Use of 1662 Book of Common Prayer

I like to use Morning and Evening Prayer from the 1662 Book of Common Prayer in my private devotion. I just love the majestic language of this liturgy. I add some prayers to Mary when using it (the thing it lacks most!).

I do use Catholic prayer books, particularly the Little Office of the Blessed Virgin. I sometimes wonder if I ought to stop using the BCP and use Catholic prayers exclusively, but I would definitely miss the BCP.

Do any Catholics here use the BCP in your private devotions?

I use the Prayer Book. Its doctrine is thoroughly Protestant and Reformed and thus, if you are converting to Roman Catholicism, I would say you probably shouldn’t use it. It does not contain “prayers to Mary” (as you put it) because the English reformers rejected the practice as not found in Scripture.

The liturgy for communion in the BCP does not really reflect the doctrine of Transubstantiation (whatever issues that raises for Anglo-Catholics) . Other than that, can you give any examples of where the BCP contradicts Catholic doctrine? This would be helpful to me.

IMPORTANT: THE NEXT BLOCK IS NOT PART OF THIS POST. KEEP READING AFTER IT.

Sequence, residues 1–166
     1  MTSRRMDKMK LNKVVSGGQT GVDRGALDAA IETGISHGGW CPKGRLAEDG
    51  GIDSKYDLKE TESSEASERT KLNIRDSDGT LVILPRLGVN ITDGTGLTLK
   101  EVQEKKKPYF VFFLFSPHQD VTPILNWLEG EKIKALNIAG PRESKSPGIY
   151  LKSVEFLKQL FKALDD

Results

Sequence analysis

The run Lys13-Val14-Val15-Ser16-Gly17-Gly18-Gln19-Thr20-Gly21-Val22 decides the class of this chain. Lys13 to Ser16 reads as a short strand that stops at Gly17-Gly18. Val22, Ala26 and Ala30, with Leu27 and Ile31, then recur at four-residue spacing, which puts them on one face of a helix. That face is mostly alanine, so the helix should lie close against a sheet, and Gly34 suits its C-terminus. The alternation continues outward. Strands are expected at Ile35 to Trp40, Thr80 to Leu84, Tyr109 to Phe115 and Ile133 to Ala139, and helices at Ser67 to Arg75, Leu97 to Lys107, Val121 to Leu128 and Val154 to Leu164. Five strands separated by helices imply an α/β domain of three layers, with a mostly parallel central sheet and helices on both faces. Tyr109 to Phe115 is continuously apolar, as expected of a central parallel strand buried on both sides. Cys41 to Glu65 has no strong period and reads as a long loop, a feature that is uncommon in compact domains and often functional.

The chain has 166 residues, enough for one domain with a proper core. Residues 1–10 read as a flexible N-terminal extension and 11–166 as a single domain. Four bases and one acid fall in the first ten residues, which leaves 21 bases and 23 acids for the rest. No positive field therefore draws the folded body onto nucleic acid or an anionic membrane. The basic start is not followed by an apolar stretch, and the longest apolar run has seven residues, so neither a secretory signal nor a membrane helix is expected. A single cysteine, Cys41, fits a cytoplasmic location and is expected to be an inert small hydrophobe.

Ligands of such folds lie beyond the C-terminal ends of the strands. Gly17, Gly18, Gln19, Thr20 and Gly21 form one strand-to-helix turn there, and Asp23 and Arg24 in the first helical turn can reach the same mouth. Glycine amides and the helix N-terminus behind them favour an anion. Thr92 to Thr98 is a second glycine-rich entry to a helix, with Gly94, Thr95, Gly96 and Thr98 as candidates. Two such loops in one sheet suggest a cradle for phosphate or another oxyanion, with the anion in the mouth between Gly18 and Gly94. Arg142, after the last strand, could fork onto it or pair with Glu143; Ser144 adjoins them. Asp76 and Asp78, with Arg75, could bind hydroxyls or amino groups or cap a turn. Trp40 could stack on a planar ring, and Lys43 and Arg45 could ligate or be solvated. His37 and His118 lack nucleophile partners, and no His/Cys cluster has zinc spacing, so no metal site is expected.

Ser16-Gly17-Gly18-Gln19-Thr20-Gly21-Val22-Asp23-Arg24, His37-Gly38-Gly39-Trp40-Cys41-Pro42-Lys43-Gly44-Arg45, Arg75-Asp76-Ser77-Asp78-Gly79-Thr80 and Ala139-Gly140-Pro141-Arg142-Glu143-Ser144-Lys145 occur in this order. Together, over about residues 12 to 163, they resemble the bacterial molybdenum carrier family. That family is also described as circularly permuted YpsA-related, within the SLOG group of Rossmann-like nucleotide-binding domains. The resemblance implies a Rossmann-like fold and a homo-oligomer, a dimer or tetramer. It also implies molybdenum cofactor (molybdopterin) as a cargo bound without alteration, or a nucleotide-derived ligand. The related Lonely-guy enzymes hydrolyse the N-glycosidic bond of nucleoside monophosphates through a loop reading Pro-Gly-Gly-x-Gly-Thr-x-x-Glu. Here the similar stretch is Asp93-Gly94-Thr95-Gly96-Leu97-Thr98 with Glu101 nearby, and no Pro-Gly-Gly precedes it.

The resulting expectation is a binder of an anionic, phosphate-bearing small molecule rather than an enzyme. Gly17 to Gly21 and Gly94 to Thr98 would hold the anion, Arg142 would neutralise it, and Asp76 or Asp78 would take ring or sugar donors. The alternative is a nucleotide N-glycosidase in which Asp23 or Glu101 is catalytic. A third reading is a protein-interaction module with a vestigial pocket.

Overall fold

Funny, many of the reformed thought the 1662 Prayer Book was far too Catholic.

If, like me, you believe in attributing meaning to something based on the original intended meaning of the author (rather than the modern practice of squeezing new definitions into old phrases to suit your own opinions) -

The main one is, “And there is no health in us.” This is a very clear statement of the Reformers’ belief in the doctrine of Total Depravity. Article X sets forth the doctrine:
The condition of Man after the fall of Adam is such, that he cannot turn and prepare himself, by his own natural strength and good works, to faith; and calling upon God. Wherefore we have no power to do good works pleasant and acceptable to God, without the grace of God by Christ preventing us, that we may have a good will, and working with us, when we have that good will.
In other words God must sovereignly call man to himself in order for man to come to God, with the natural corollary that God does not call all men to himself (because not all come).

You should use the Book of Divine Worship if you like the language of the BCP (which is brilliant), but with the work going on with the liturgies of the Ordinariates, it’s currently out of print, but a new edition should be expected soon.

That said, you can still find PDF’s of the old edition:

orderstvincent.org/BODW.pdf

It’s based on the 1979 Episcopal Book of Common Prayer, so it has that awful “Rite Two”, but that has already been explicitly disallowed by the Ordinariates. The Order of Mass is also no longer up-to-date but if you’re just into devotional prayer, the Rite One is perfectly usable and is in Tudor English.